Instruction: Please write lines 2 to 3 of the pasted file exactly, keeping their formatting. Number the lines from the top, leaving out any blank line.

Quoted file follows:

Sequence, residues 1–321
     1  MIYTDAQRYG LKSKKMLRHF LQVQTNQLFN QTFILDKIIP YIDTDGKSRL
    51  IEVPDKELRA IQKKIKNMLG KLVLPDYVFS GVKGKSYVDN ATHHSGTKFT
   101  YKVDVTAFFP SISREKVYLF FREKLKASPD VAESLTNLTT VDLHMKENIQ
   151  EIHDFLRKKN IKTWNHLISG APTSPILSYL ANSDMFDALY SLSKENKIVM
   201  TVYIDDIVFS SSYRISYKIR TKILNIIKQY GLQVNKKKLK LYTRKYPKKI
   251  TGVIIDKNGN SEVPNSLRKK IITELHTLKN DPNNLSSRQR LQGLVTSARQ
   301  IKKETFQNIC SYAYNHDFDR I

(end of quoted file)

     1  MIYTDAQRYG LKSKKMLRHF LQVQTNQLFN QTFILDKIIP YIDTDGKSRL
    51  IEVPDKELRA IQKKIKNMLG KLVLPDYVFS GVKGKSYVDN ATHHSGTKFT